I hate quitters. If I say I’m going to do something, I do it. And I teach my kids to be the same way.
As a parent, I did something I never thought I’d do, I encouraged my son to be a quitter. He’s an athletic kid who plays football and basketball. He has played soccer and baseball, too. Team sports have been his love.
This year as a middle school student, track was an option and, as a fast runner, he thought he’d try it. He made it halfway through the season and started to talk about quitting. He hated it because it wasn’t fun.
I teach my kids to finish what they start. I don’t allow them to abandon a team mid-season. If they don’t like it, then we don’t sign up next year. That’s been the rule and I don’t waiver.
But I realized, given how unhappy he was, that I needed to bend my own rule. So, when he wanted to quit because he hated track, I encouraged him. At first I was reluctant, I liked seeing him run, and I worried what will people think.
But my son is no quitter. He has a good reputation being a dedicated team player, so quitting one sport didn’t matter. Track is an individual sport with no set number of players needed, so his absence wouldn’t be missed. Instead of teaching him never to quit anything, I needed to teach him when it’s okay to walk away.
At age 10, he wanted to quit a sport he loved because he thought he wouldn’t make the cut for a traveling team. He figured it was better to never even try, than it was to be cut. I pushed hard, encouraging him not to quit. He tried out, and made it on a team. This case wasn’t a matter of walking away, it was a matter of not assuming failure before ever even trying.
The youth sports environment for kids today is headed in the wrong direction. I attended a sports parents conference and was shocked hearing the speaker’s comments on the current trend in youth sports. According to the National Alliance for Youth Sports 70% of kids quit sports by age 13 because they don’t think they are good enough, or it’s no longer fun. This is an unfortunate statistic because middle school is exactly when kids begin to discover their natural skills.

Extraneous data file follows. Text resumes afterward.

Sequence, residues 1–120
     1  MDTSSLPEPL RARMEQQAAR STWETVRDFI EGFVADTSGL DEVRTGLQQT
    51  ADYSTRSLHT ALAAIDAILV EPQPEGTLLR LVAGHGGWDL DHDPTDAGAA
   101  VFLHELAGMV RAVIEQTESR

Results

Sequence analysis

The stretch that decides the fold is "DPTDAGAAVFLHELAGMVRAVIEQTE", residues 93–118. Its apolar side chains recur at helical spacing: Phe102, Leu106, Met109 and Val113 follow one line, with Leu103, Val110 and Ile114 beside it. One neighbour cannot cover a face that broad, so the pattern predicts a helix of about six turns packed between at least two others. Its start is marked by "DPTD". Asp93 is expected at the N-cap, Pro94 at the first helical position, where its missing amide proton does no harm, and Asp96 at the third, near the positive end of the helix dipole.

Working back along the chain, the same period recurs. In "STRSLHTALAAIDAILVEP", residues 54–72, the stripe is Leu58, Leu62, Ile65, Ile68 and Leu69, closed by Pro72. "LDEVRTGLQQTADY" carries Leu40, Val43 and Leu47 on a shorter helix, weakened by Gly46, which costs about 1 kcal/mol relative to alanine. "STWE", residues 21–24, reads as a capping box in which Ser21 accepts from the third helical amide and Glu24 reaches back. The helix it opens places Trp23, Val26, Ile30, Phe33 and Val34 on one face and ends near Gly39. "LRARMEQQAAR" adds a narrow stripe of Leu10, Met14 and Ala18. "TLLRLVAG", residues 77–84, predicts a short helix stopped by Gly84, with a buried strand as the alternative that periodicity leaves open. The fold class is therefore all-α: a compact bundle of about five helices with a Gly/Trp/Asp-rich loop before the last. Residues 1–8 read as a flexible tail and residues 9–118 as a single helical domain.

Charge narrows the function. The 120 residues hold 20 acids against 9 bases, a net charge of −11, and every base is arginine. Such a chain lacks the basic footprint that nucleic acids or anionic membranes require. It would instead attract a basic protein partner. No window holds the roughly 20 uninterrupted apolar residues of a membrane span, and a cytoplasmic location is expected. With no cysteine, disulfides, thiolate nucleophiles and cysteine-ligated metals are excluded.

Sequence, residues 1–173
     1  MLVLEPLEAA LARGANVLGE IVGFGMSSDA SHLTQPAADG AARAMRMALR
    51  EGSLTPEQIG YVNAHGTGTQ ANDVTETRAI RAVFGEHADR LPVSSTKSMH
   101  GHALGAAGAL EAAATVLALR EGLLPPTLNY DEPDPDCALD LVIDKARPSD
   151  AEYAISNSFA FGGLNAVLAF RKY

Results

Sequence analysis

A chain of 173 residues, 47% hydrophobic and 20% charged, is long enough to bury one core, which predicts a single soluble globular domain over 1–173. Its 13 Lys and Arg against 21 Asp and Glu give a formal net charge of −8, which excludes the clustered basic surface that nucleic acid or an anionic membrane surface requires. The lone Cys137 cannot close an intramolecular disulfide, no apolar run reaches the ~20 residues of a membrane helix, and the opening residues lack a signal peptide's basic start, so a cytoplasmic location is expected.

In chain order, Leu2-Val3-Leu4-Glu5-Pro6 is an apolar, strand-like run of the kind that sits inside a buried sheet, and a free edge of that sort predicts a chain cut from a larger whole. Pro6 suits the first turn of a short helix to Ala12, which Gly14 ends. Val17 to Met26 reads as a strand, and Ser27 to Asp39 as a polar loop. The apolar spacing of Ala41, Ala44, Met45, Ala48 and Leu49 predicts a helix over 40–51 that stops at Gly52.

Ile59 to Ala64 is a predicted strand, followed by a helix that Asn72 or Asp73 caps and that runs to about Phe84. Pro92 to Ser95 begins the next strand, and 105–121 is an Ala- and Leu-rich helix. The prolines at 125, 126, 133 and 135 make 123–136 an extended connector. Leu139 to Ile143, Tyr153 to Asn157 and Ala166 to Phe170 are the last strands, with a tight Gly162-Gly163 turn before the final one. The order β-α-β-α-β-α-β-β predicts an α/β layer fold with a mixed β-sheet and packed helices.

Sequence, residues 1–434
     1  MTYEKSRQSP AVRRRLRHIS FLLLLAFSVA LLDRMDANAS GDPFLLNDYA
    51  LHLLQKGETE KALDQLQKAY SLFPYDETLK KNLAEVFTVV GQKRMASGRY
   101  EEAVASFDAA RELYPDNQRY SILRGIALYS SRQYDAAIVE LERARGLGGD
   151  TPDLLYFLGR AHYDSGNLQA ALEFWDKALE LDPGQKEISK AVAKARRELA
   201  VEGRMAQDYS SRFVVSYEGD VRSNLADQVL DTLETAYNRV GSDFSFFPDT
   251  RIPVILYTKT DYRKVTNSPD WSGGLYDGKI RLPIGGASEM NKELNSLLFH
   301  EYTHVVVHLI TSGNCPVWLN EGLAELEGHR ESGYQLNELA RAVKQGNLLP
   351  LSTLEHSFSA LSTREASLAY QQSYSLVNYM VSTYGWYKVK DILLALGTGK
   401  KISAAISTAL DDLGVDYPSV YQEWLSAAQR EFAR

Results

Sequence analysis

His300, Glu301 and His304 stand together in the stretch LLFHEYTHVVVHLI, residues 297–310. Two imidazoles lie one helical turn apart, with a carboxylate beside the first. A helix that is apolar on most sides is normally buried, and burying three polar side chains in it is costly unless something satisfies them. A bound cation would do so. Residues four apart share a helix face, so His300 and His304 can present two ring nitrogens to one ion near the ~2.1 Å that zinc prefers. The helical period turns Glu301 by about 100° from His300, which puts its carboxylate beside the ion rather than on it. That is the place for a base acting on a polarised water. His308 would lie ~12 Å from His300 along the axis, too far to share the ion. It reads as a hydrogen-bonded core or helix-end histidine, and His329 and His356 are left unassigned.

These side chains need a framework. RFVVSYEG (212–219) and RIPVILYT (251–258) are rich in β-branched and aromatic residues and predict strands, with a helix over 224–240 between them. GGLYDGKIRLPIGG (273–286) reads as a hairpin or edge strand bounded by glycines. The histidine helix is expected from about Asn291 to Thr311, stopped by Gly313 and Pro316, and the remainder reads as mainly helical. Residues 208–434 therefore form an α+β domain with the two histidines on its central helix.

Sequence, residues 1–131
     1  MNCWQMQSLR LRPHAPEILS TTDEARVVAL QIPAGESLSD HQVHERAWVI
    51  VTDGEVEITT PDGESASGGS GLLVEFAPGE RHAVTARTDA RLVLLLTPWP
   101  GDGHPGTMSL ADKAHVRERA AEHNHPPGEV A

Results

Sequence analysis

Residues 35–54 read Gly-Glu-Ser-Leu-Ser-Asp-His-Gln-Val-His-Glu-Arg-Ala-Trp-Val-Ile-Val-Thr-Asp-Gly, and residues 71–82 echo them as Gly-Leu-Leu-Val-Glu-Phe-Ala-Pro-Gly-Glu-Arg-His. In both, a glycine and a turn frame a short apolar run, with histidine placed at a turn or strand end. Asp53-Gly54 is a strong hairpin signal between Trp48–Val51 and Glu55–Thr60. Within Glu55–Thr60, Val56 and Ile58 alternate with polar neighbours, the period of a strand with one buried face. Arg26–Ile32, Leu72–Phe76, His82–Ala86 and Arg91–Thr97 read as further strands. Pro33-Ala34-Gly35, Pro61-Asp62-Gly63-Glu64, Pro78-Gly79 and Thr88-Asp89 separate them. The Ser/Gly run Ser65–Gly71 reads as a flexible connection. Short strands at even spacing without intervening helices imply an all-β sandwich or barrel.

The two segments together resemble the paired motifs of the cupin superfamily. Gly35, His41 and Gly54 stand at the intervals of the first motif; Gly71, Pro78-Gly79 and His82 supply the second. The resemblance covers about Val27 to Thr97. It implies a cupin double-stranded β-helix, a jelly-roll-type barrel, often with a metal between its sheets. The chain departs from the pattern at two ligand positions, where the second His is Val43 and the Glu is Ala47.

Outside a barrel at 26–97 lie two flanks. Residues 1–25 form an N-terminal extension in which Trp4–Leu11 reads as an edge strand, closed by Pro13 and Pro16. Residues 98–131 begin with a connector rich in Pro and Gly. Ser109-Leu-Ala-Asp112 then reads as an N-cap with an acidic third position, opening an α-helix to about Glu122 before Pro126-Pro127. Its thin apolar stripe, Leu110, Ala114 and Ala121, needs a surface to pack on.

Sport associations with tryout procedures that result in cutting players from an elementary or middle school age traveling team is both unforgiving and excluding. Cuts are made to build more competitive teams before most kids have even discovered their physical abilities. And once they’re cut, they’re reluctant to try out again. Cutting kids from teams leaves the majority kids out, sidelining them at at time when childhood should be about trying different sports. We’ve created an atmosphere that doesn’t allow for experimenting.
Sometimes, it’s okay for kids to quit. But making the decision to quit shouldn’t be because kids are afraid to try, or because the pressure to be excellent is too intense. Quitting, if and when it’s necessary, should be the result of fully understanding the impact of your actions, and knowing when it’s time to walk away. Not the result of low self-esteem and fear that you’ll never be good enough.